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Title:
EFFICIENT SENSE AMPLIFIER SHIFTING FOR MEMORY REDUNDANCY
Document Type and Number:
WIPO Patent Application WO/2018/026458
Kind Code:
A1
Abstract:
A memory includes a plurality of columns and a redundant column. The memory includes a plurality of multiplexers corresponding to the plurality of columns. Depending upon the location of a defect, the multiplexers are configured to select for their corresponding column or an immediately-subsequent column to their corresponding column.

Inventors:
GHOSH, Sonia (5775 Morehouse Drive, San Diego, California, 92121, US)
JUNG, Changho (5775 Morehouse Drive, San Diego, California, 92121, US)
Application Number:
US2017/040746
Publication Date:
February 08, 2018
Filing Date:
July 05, 2017
Export Citation:
Click for automatic bibliography generation   Help
Assignee:
QUALCOMM INCORPORATED (ATTN: International IP Administration, 5775 Morehouse DriveSan Diego, California, 92121-1714, US)
International Classes:
G11C29/00
Attorney, Agent or Firm:
HALLMAN, Jonathan W. (Suite 700, 2323 Victory AvenueDallas, Texas, 75219, US)
Download PDF:
Claims:
CLAIMS

What is claimed is:

1. A memory, comprising:

a plurality of columns arranged from a first column to a last column, wherein each column includes a sense amplifier and a read line, and wherein the sense amplifier is configured to drive the read line with a bit decision for the column;

a redundant column following the last column, wherein the redundant column includes a redundant sense amplifier and a redundant read line, and wherein the redundant sense amplifier is configured to drive the redundant read line with a bit decision for the redundant column;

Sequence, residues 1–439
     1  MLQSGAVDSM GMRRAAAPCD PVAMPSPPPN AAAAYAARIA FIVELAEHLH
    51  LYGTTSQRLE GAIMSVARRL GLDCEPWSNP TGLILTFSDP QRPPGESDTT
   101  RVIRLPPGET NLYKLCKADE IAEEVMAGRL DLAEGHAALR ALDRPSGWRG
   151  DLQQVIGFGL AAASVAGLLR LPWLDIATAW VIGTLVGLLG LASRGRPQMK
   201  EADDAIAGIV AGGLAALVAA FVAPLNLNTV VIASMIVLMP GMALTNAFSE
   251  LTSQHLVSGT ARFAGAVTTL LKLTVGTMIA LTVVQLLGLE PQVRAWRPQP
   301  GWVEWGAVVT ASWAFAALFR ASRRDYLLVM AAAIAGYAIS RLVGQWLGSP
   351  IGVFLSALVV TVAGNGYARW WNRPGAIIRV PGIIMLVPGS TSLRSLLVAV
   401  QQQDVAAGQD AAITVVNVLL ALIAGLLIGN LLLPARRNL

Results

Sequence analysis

a plurality of multiplexers corresponding to the plurality of columns, wherein the multiplexers are arranged from a first multiplexer corresponding to the first column through a last multiplexer corresponding to the last column, wherein the first multiplexer through a next-to-last multiplexer in the plurality of multiplexers is each configured to select between the read line from the multiplexer's corresponding column and a read line from an immediately-subsequent column to the multiplexer's corresponding column, and wherein the last multiplexer is configured to select between the read line from the last column and the redundant read line; and

a decoder configured to, responsive to a defect in a defective one of the columns, control the first multiplexer through a final multiplexer before the defective one of the columns to each select for the read line from their corresponding column and to control a multiplexer for the defective column through the next-to-last multiplexer to each select for the read line from the immediately-subsequent columns to their corresponding column, and to control the last multiplexer to select for the read line from the redundant column.

2. The memory of claim 1, wherein the decoder is further configured to control each multiplexer, responsive to an absence of a defect in each column, to each select for the read line from their corresponding column.

3. The memory of claim 1, wherein the columns configured to alternate between even columns for storing even words and odd columns for storing odd words, and wherein the decoder is further configured to maintain static the configuration of the multiplexers while even and odd ones of the words are read from the memory.

4. The memory of claim 3, further comprising a plurality of latches corresponding to the plurality of multiplexers, and wherein each latch is configured to store an output from the corresponding multiplexer.